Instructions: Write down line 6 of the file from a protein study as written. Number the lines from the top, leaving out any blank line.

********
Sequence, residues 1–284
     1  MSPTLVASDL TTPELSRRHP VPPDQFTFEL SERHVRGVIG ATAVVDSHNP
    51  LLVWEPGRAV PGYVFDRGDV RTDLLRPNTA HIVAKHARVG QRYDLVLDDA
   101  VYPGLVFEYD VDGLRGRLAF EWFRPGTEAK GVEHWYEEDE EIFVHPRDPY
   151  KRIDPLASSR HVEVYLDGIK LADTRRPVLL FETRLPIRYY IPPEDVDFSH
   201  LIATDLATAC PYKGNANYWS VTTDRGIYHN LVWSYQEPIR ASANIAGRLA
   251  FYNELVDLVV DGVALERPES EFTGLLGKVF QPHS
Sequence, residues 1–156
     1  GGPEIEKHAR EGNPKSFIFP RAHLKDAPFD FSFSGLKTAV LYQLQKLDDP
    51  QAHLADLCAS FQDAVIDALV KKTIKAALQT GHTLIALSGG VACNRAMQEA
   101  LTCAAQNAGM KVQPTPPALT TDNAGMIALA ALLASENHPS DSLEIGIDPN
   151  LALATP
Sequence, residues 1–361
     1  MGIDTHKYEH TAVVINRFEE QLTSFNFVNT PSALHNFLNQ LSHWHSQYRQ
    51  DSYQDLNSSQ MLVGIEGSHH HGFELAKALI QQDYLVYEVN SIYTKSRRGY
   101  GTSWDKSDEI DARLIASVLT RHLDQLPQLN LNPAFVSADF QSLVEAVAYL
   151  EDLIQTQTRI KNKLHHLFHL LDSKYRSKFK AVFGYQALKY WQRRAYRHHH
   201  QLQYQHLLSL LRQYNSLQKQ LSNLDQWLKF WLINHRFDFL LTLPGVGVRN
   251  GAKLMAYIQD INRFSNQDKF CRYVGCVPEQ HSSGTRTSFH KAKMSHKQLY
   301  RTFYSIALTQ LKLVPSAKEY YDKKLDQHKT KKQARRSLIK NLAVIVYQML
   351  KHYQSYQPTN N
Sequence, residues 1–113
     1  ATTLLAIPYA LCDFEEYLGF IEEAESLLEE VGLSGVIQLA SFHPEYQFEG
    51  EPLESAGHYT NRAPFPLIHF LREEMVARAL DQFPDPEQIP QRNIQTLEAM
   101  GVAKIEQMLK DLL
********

   201  LIATDLATAC PYKGNANYWS VTTDRGIYHN LVWSYQEPIR ASANIAGRLA